5. somewhat like #1, you could have a 15min “world witness” period just before coffee hour as a regular part of a church service. Some places it would be “a crazy idea”, other places not. The 3Steps approach is highly flexible and versatile, if you prepare a bit and get people to “just bear witness” to what they can see happening that their ideals have to work with to get anywhere, expressing their awe of the natural world’s movements and changes it is ours to deal with.
ed. 10 Jul, 16 Aug
4. The Purpose & Theory Behind It:
a) Response to Rob Wheeler, b) comment from June Gorman
Response to Rob Wheeler, co-organizer of the Commons Cluster,
(from email of 7/7/13)
Glad you’re thinking about it. I’ve been hoping to get feedback each time I offered the basic idea of the 3Step SDG design process, using our ideals for the “world we want” to help us explore the real “world we have”, to see what we have to work with. It’s like going to “design school”, where the big task for an artist learning how to draw is first learning “how to see”. To change a particular environment, a designer needs to first learn to discover what’s in the environment to work with, and like anything, it takes learning new habits.
It does help to have a vague idea what you’re looking for, like the ideal statement of an SDG, but having any other preconception of what you’re looking for will blind you to what’s really there. As one instructor put it once, “every design should begin with reading book zero”. It’s usually the most important step in a design, and leads to getting the best kinds of results, just getting to know what there is to work with, in its own right.
In that way it’s not so different from how anyone goes about designing a child’s Halloween costume. There may be some vague image to begin with, but the real work begins with looking through the materials available, and then trying out this and that till you find a way to make something wonderful. I’m sure you can think of lots of times where someone has only the vaguest idea of what they’re planning on making until they’ve rummaged through all the things that they might use.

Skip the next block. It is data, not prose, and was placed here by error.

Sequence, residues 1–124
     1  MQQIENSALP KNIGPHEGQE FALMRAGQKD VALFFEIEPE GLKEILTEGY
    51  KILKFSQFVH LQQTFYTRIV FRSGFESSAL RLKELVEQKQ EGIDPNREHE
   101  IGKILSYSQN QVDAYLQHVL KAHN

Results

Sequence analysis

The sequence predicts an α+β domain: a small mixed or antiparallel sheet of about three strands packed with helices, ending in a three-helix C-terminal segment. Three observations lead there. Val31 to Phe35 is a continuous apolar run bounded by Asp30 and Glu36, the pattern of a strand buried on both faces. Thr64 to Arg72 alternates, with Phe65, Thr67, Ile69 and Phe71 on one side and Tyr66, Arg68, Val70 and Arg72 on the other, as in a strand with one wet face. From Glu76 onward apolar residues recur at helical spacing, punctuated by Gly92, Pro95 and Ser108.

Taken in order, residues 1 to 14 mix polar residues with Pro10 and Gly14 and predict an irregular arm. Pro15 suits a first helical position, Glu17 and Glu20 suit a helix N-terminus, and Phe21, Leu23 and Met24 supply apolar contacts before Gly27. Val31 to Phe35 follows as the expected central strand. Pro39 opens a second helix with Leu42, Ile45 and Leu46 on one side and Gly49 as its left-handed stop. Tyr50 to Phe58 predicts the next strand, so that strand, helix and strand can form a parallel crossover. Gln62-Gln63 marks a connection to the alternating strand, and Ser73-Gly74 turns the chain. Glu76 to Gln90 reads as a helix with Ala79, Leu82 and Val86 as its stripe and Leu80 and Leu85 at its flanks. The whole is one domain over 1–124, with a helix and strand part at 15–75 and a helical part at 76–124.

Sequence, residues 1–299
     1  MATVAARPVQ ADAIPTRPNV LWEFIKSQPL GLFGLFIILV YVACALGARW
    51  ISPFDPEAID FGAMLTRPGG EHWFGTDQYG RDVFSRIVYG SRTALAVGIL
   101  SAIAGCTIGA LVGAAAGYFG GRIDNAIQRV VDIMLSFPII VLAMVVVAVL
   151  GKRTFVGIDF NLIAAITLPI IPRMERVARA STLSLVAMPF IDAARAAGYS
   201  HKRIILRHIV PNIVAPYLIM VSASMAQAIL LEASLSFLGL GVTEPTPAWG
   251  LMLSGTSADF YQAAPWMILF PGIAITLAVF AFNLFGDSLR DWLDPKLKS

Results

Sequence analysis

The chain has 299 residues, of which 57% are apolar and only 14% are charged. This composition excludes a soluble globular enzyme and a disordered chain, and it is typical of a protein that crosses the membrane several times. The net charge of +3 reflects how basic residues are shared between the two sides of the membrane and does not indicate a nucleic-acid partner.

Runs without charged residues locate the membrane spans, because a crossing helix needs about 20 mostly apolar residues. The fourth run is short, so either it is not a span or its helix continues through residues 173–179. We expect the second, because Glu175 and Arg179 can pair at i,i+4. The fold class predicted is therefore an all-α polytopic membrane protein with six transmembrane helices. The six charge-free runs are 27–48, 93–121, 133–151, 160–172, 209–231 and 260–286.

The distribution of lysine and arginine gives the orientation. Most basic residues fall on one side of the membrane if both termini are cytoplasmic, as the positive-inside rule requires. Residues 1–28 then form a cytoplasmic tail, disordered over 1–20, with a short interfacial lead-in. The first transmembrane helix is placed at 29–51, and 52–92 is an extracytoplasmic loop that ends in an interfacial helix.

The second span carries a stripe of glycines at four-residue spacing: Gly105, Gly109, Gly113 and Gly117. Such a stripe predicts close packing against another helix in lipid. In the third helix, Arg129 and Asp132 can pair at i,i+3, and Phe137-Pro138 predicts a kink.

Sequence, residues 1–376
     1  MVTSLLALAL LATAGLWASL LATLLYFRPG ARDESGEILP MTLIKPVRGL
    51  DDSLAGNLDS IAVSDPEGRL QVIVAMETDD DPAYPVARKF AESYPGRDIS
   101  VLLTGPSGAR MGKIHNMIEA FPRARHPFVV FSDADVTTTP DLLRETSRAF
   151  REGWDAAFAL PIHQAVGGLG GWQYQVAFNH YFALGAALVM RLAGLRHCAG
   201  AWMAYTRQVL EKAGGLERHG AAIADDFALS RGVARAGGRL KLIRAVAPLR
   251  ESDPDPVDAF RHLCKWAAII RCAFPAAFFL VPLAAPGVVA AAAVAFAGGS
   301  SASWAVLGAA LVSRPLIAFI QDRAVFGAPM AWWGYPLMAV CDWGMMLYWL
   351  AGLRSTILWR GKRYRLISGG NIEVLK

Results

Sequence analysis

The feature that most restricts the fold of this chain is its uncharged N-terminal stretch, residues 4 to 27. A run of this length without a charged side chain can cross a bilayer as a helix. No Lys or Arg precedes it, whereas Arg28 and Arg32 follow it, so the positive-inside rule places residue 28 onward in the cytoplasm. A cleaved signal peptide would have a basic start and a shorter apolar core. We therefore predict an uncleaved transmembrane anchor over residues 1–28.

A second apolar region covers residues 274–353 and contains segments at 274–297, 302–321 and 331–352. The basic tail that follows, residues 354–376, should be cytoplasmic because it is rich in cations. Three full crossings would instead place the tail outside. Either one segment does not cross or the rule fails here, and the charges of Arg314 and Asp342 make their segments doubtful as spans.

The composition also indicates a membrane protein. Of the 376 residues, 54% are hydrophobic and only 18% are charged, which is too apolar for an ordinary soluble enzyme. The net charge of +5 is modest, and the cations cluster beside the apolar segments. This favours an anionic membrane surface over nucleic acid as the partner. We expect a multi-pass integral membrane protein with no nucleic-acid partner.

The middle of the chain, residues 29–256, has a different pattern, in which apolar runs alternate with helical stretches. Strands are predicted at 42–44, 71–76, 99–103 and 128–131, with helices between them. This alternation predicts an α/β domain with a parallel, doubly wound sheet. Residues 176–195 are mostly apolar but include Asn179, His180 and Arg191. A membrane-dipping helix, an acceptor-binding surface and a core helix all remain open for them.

That’s the idea, anyway, to just get people to rummage through their cultural and economic environments, as if seeing and exploring them as if for the first time, learning about what they’ll either have or need to work with to advance the ideal they want to design for. It’s critically important to get the steps in the right order, and explore the materials of the environment you’d need to work with before making a plan for what to do.
Only after that exploration can a designer have in mind the raw material for developing the several independent experiments at a design that start the design process, the phase called “conceptual design”. That first series of design experiments are what really begins the work of seeing how the materials available might work together. That’s also the early phase when nearly any “discarded idea” may turn out to be highly valuable later, so you take care to just put them aside, and not really discard them…
June’s following observations as an educator
(from an email to Commons Cluster 7/8/13)
I love this concept:
It’s like going to “design school”, where the big task for an artist learning how to draw is first learning “how to see”. To change a particular environment, a designer needs to first learn to discover what’s in the environment to work with, and like anything, it takes learning new habits.
This “learning ‘how to see'” is the key issue for me in “transforming” an old educational system that actual seems to close down that “open-seeing” to “discarding” any idea that isn’t immediately familiar to one’s already habituated “ways of seeing” and some of the “blinder prejudices” (and some actually are indeed prejudices) that one has not learn well to easily “excavate” and thus remain aware of, especially in understanding a “new” and “different” environment.